SEATTLE — The current global health system is burdened with displacement, mass migration, inequality, climate change, urbanization, deforestation, wars and humanitarian crises. A global health crisis is looming with emerging health risks ranging from drug-resistant bugs and the H7N9 flu outbreak in China to famine in Africa.
While all attention is focused on many diversions, global health is becoming increasingly unstable. The Trump administration has announced a $54 billion increase in defense spending while reducing funding to the State Department and the U.S. Agency for International Development (USAID) by 37 percent. This decision reflects the administration’s lack of appreciation for their role in enhancing national and international security by downsizing poverty and alleviating the threat of a global health crisis. The anticipated 61 percent funding cuts to global health would have dire consequences for millions around the world.
In 2015, the U.S. ranked first in military spending at $598 billion, nine times Russia’s and four times China’s defense budget. While the average U.S. citizen believes the nation contributes 26 percent of the federal budget to foreign assistance, it is actually one of the least generous nations. Compared to Sweden, Norway, U.K. and Turkey who spend 1.41 to .54 percent of their Gross National Income (GNI) on foreign aid, U.S. contributes only 0.17 percent.
The Trump administration expressed skepticism over humanitarian funding to Africa and questioned the value of the President’s Plan for AIDS Relief (PEPFAR). PEPFAR was established by President George W. Bush in 2003 and has been essential in reducing mortality and morbidity, with increased access to HIV/AIDs treatment to millions of men, women and children. It has also led to political and social stability and reduced the risk of a global health crisis.
The Lake Chad Basin is facing the worst humanitarian crisis on the African continent. The U.N. has been successful in raising one-third of the $1.5 billion urgently needed to avert massive loss of life due to famine. It was confident of a U.S. contribution considering that the U.S. has until now been the largest donor to the region. Nonetheless, the Trump administration’s “America First” ideologies are rendering their assumptions wrong and jeopardizing the lives of millions. The administration’s indifference towards humanitarian aid shows an unknowing of its role in preventing a global health crisis.
The Trump administration has also indicated 40 percent less funding to the U.N. and the World Health Organization (WHO), both critical response coordinators during a global health crisis. Insufficient funds played a significant role in the inefficient WHO response to Ebola, which led to its escalation into a global threat. These cuts from the U.S. would further impede the underfunded WHO in effectively responding to a future global health crisis. Two U.S. legislative bills seeking to withdraw WHO membership and all funds from the U.N. further lend fear to an already uncertain situation.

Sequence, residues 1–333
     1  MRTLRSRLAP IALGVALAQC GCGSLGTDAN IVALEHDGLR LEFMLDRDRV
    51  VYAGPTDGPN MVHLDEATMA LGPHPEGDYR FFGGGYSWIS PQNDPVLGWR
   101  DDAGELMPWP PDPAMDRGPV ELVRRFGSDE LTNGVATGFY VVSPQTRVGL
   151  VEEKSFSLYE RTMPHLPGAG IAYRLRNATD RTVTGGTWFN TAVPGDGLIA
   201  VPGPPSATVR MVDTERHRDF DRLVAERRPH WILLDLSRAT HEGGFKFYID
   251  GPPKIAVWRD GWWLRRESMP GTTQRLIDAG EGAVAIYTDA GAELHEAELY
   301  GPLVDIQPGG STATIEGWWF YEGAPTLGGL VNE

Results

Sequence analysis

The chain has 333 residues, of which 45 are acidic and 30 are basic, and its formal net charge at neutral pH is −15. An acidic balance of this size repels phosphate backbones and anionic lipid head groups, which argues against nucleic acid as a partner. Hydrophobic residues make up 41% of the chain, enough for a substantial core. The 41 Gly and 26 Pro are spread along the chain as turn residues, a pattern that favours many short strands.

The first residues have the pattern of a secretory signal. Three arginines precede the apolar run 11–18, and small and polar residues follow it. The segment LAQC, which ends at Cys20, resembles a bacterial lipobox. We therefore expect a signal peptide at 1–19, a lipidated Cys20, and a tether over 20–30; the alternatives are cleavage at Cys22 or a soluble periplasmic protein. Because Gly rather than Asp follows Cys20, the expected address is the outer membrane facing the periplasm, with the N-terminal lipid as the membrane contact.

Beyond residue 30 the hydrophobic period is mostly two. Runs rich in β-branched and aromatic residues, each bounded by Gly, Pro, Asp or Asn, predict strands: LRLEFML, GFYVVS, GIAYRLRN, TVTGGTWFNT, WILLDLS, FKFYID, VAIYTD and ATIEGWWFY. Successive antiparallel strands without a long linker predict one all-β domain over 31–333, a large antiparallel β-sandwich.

Meanwhile, the U.S. Center for Disease Control (CDC), USAID and the U.S. Department of Health and Human Services are without adequate leadership. The CDC is also anticipated to have a 12 percent budget cut. These agencies are vital in managing and responding to internal and external health emergencies. Ebola, one of the greatest security threats in recent history was ended by the international community including the CDC, the USAID, global aid agencies and nongovernmental organizations working together. The 1,450 CDC personnel deployed to respond to the crisis played a crucial role in containing the Ebola epidemic and keeping Americans safe.
President Trump signed an Executive Order on March 5 instating a new travel ban. Travel bans limit critical work done by scientists and doctors in life-threatening situations by curtailing their freedom of movement. The first successful Ebola vaccine was developed through cross-country collaborations between West Africa, Europe, U.S. and the WHO. The current H7N9 outbreak in China is proving resistant to available drugs and taking a toll on lives. Such situations require a swift global response to develop effective remedies.
Most tropical infectious diseases are a result of poverty, climate change or unplanned urbanization. High-income countries like the U.S. need to support development and health programs in poor, developing countries to prevent epidemics like Ebola from occurring and becoming global threats. With the next pandemic, imminent with the H7N9 outbreak and drug-resistant bugs, the U.S. cannot stay protected by isolating itself.
Pandemics are managed with cross-border alliances through idea and resource sharing. The Trump administration, in the interest of America, should abandon the isolationist philosophy it has shown, embrace the proven strategy of collaboration, and realize its responsibility in averting a global health crisis.
– Preeti Yadav